Paganini Studies

January 13, 2019, 3:08 PM · Lots of chat about Paganini lately...specifically #16. A while back I uploaded Kayser's preparatory studies but did not share with this group. Study carefully and these will get you ready. Each of Kayser's studies will prepare you for the individual Paganini caprices, Auer used them...what could it hurt to give them a whirl?

Replies (7)

January 13, 2019, 3:16 PM · I'm being dead serious when I tell you that I love studies. I'm not ready for actual Paganini Caprices, and perhaps I never will be. So I'm grateful to learn about these and I'm eager to try them. Maybe one of them will be suitable for Lydia's three-hour challenge.

If anyone knows where I could get these from a publisher in a bound volume, I'd be grateful.

January 13, 2019, 3:23 PM · Very interesting. I have the impression that they don't map one-to-one to each caprice, or at least I don't understand the correspondence. (Some correspondences, but not all, are clear.)
January 13, 2019, 3:56 PM · Perhaps I'm just naive, but I've always found the idea of repertoire-specific preparatory studies kind of strange. Isn't the best study just the piece of music itself in this case? Unless, of course, one's general technical skills aren't up to snuff to play a piece, but in that case isn't it sort of like skipping steps if we're only prepping the specific technical skills that lead to the ability to play one particular piece?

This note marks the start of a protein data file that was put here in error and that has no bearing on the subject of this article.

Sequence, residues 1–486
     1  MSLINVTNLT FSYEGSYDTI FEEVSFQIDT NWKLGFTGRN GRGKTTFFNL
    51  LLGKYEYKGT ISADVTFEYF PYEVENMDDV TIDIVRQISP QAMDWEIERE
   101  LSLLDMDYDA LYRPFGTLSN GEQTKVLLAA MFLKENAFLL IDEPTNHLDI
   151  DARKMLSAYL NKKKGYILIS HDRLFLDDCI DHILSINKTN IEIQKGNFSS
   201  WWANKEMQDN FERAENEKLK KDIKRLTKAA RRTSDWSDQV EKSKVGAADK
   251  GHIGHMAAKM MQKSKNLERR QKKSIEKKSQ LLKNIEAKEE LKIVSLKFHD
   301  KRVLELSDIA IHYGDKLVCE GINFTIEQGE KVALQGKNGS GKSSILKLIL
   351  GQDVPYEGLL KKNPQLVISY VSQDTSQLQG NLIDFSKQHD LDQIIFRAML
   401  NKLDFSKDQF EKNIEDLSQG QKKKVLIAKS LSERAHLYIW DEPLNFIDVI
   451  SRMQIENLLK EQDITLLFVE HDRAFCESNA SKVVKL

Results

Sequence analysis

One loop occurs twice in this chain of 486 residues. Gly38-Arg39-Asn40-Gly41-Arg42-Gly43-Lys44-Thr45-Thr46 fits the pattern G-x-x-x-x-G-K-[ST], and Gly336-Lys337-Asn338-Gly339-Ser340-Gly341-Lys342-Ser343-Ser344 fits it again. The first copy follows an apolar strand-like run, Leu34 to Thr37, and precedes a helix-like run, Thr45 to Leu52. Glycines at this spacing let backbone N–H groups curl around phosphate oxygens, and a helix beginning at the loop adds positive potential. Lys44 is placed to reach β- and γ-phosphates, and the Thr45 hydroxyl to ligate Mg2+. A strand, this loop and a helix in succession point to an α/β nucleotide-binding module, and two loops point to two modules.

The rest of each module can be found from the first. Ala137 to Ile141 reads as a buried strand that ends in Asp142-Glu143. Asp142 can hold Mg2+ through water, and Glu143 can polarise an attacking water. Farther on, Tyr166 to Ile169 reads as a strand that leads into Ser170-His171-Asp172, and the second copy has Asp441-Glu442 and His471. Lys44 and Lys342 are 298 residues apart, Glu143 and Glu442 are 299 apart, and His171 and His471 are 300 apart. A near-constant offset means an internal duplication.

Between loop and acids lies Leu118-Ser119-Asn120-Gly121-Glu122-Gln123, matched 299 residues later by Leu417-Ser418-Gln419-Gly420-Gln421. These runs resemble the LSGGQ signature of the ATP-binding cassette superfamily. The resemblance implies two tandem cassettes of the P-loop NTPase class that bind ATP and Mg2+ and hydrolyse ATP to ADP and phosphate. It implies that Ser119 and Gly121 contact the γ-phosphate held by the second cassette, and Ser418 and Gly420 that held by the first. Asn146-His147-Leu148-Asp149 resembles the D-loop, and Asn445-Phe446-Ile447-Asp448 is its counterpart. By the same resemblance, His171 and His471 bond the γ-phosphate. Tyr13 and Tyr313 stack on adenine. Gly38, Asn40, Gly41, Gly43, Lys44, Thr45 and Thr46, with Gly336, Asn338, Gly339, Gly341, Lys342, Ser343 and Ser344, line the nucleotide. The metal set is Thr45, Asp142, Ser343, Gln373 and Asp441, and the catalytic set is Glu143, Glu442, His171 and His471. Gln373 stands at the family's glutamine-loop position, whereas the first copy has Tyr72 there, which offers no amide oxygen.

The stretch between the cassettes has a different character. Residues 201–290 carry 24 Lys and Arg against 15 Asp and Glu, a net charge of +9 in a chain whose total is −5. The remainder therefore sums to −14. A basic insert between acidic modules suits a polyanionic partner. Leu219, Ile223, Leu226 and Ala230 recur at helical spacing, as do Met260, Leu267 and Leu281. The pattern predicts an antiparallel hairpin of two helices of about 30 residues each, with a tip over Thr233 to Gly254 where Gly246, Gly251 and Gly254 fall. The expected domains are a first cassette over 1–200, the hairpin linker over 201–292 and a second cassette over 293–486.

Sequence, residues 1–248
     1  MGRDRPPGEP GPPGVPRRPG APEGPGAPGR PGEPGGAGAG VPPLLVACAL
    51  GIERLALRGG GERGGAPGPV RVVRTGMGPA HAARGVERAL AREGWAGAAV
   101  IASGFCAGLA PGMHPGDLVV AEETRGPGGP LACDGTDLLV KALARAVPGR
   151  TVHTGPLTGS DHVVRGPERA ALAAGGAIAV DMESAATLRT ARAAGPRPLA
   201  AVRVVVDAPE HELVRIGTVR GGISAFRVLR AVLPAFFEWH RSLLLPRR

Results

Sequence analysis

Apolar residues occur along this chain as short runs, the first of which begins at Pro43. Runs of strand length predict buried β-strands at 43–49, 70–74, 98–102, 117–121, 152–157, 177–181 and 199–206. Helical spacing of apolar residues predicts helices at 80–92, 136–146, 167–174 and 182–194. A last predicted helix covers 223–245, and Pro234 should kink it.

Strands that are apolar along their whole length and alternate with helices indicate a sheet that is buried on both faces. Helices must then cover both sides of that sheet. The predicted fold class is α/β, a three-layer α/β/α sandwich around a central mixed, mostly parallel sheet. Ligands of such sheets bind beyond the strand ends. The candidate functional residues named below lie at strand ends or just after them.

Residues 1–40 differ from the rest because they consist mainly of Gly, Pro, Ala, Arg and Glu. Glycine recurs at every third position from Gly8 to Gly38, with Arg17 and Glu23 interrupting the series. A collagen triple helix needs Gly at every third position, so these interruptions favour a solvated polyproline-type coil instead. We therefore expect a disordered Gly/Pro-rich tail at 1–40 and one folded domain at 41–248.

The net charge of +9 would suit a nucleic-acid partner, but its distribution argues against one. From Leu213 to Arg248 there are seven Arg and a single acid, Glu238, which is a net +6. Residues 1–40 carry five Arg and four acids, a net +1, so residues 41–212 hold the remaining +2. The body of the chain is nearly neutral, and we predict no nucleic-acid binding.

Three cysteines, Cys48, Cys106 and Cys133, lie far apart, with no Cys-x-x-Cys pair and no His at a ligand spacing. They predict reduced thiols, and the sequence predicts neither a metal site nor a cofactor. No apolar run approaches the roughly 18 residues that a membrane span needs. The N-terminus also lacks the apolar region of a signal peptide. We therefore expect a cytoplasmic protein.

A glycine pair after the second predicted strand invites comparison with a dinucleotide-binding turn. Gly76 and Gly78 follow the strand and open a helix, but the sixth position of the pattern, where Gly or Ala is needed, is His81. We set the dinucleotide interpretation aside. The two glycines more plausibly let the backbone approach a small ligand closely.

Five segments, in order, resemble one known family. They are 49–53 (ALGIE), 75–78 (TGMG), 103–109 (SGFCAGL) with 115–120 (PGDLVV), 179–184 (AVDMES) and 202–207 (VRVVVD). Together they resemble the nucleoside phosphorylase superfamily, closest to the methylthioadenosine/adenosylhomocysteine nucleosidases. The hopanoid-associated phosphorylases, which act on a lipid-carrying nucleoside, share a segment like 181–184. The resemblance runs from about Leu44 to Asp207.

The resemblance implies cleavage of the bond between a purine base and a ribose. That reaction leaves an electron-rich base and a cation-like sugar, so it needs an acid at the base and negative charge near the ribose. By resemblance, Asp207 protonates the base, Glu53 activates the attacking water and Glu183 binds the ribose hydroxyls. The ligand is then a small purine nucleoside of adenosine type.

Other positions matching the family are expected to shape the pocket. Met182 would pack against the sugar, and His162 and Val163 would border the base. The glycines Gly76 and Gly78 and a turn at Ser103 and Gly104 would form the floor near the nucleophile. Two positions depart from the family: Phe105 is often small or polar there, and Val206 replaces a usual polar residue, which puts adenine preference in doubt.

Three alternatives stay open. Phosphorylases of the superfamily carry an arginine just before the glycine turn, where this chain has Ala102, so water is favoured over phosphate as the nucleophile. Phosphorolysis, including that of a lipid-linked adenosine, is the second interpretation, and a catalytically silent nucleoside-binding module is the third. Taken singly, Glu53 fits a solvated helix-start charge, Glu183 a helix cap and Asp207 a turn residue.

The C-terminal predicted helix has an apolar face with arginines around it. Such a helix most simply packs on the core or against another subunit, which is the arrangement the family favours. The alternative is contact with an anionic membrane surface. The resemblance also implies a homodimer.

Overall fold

January 13, 2019, 4:18 PM · There are problems that only occur in a handful of works, or passages that are just fricking difficult.

I've found the Sevcik exercises that are specific to his concerto editions to be a fantastic resource. They are basically the kinds of exercises that you would invent for yourself to practice a tough passage, but they are sometimes brilliant.

Edited: January 13, 2019, 7:56 PM · "Isn't the best study just the piece of music itself?" Maybe for that piece. Maybe not for the piece you do later that has the same kind of tricky stuff. Good studies will take you through a variety of positions, keys, etc. on whatever lick that's being highlighted. I strongly suspect, however, that one reason why I like studies so much is because nobody will ever expect me to perform them, and my teacher doesn't ask me to memorize them. I hate memorizing.
Edited: January 13, 2019, 8:31 PM · There are simplified versions of some hard pieces, which IMO also serve as good stepping stone. Link below is one for No. 24 where you can press and listen directly.

January 13, 2019, 8:42 PM · I also find studies fun. Exercises, etudes, problem-specific routines. They help with music-making. As long as these do not become the end by themselves-which they rarely do for most players anyway-there's no harm (nor will the actual piece become "less musical", etc.)

There is indeed some advanced music that most musicians must practice well, even if they are advanced violinists themselves and capable of playing mostly everything else with relative ease.

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